author = "Shu-Hui Cheng and Chih-Ting Lee and Mei-Hung Chi and Zih-Jie Sun and Po-See Chen and Yin-Fan Chang and Yeh, {Chin Bin} and Yen-Kuang Yang and Yi-Ching Yang",
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T1 - Factors Related to Self-Reported Attention Deficit Among Incoming University Students

AU - Cheng, Shu-Hui

AU - Lee, Chih-Ting

AU - Chi, Mei-Hung

AU - Sun, Zih-Jie

AU - Chen, Po-See

AU - Chang, Yin-Fan

AU - Yeh, Chin Bin

AU - Yang, Yen-Kuang

AU - Yang, Yi-Ching

PY - 2016/9/1

Y1 - 2016/9/1

N2 - Objective: This study was designed to explore physical, social/behavioral, and mental health factors among incoming university students with elevated self-reported ADHD symptoms. Method: A total of 5,240 incoming university students were recruited. The test battery included the ADHD Self-Report Scale, the Measurement of Support Functions, the Chinese Internet Addiction Scale–Revision, Quality of Life assessment, the Brief Symptoms Rating Scale, and the 10-item Social Desirability Scale. Results: ADHD symptoms were elevated in 8.6% of the sample. Only individuals with a lower social desirability score, however, were recruited for further analysis. Significant influential factors for higher self-reported levels for ADHD symptoms included greater suicidal ideation and emotional disturbance, as well as a higher Internet addiction tendency, lower levels of social support, and a greater amount of exercise. Conclusion: Given the elevated prevalence of self-reported ADHD symptoms among this sample of university students, screening for these kinds of problems to detect early challenges before students fail in college as well as identify youth with undiagnosed ADHD should be considered.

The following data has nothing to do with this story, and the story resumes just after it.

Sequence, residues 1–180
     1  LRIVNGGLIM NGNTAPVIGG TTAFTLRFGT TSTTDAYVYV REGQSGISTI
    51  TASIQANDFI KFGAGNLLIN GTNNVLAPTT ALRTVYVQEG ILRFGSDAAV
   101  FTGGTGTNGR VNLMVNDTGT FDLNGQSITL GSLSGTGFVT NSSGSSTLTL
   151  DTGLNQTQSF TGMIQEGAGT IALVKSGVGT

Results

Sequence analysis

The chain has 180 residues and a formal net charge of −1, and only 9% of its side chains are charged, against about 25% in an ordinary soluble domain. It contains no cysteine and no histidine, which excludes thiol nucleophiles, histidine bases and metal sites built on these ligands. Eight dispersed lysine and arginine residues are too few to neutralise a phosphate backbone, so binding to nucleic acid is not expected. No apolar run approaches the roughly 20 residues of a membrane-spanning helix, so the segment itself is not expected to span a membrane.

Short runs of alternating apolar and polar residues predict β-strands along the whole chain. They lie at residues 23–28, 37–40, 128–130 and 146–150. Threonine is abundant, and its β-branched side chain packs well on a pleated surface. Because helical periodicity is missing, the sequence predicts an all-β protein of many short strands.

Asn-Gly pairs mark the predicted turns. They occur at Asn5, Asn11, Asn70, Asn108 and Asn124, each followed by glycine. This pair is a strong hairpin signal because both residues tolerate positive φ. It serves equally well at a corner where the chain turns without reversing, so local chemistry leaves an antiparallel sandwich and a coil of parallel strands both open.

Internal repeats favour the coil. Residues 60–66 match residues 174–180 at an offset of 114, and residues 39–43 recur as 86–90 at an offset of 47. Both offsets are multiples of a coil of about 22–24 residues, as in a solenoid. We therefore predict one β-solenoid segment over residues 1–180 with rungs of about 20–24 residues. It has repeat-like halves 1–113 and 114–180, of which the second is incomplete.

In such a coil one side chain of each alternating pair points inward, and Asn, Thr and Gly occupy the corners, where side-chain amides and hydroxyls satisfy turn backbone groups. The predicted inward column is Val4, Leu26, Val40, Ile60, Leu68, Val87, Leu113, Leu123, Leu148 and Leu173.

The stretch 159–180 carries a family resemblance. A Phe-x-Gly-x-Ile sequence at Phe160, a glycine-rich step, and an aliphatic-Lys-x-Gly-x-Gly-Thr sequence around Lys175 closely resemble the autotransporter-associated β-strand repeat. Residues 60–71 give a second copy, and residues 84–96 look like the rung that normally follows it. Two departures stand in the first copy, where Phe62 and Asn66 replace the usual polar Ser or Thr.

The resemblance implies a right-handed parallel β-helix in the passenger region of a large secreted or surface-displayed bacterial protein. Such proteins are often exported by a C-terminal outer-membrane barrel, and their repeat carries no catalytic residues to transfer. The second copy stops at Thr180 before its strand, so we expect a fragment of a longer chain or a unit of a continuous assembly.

AB - Objective: This study was designed to explore physical, social/behavioral, and mental health factors among incoming university students with elevated self-reported ADHD symptoms. Method: A total of 5,240 incoming university students were recruited. The test battery included the ADHD Self-Report Scale, the Measurement of Support Functions, the Chinese Internet Addiction Scale–Revision, Quality of Life assessment, the Brief Symptoms Rating Scale, and the 10-item Social Desirability Scale. Results: ADHD symptoms were elevated in 8.6% of the sample. Only individuals with a lower social desirability score, however, were recruited for further analysis. Significant influential factors for higher self-reported levels for ADHD symptoms included greater suicidal ideation and emotional disturbance, as well as a higher Internet addiction tendency, lower levels of social support, and a greater amount of exercise. Conclusion: Given the elevated prevalence of self-reported ADHD symptoms among this sample of university students, screening for these kinds of problems to detect early challenges before students fail in college as well as identify youth with undiagnosed ADHD should be considered.